Crystal clear, cascading waterfalls, lush green mountains, cobalt blue seas and an infestation of thieves, rapists, drug traffickers, white-collar con artists and killers. How sweet it is to live in paradise. It seems weekly, as if penned into our calendar by the hand of destiny, we are subjected to increasingly depressing news; another car was stolen; another home broken into or suspiciously reduced to ashes; another woman ravaged in the worst way. Another young life lost. Paradise never felt more like hell.
For so long have we talked and talked and talked some more about crime, the subject has become quite boring. Just about everyone has a solution to the rampant lawbreaking, everyone it seems other than those whose job it is to keep Saint Lucia safe. We blame everyone else for our nation’s predicament, everyone but ourselves – regular citizens who persist in playing blind and deaf in the face of crime; parents, relatives and friends of criminals with a twisted sense of loyalty. How many more times must we hear: “The police are not doing their job. The government ministers are never here . . .” But the line most often heard is, “The youth of this country have gotten way out of hand; they are nothing like young people used to be back in the day!”
How many of us recognize the danger in blaming every crime on the youth of the nation, even when no one has been arrested, let alone charged? Why are we silent about the vast majority of young Saint Lucians itching for opportunities, whether for jobs, self-expression through their art, and so on? What do we have in place that might have salutary impact on citizens in the prime of their time? I daresay, very little. Truth be told, we are surrounded by successful individuals well known to be operating contrary to law. They are the ones who shout loudest about how terrible are our young, ambitious and frustrated males and females.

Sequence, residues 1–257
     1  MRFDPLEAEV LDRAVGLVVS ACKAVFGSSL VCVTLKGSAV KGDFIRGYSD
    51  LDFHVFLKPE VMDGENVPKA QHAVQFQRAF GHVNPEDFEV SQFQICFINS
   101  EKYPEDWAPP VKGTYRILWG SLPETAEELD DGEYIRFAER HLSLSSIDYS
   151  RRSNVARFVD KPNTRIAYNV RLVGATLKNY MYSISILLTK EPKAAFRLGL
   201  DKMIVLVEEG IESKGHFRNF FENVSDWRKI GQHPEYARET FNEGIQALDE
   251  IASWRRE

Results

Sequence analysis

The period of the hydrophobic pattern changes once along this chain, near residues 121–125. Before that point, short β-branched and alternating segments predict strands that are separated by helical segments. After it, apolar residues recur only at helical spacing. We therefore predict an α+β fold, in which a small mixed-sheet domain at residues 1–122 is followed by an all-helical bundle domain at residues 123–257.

There have been studies that state quite clearly the reasons for crime among the youth of the Caribbean and Latin American. I propose to present some of them in a future article. Rest assured the recommendations to our governments by experts like Professor Deosoran have gone largely unheeded. We are in dire need of facilities where young people who went astray can be rehabilitated – not made worse by a seemingly uncaring system.
During a workshop held in June of this year, InSight, an organisation dedicated to monitoring, analysing and investigating organised crime in various countries, was reported as saying, “The Caribbean is a huge transhipment port for drugs to the United States.” Insight directly linked this point to the region’s records of increased violence and gang-related crime. It was also underscored that the rise in crime is the result of “weak governance and endemic corruption.” Stay tuned.
Until next time, please take a long look in the mirror and ask yourself whether you will be part of the problem of our overwhelming crime, or part of the solution.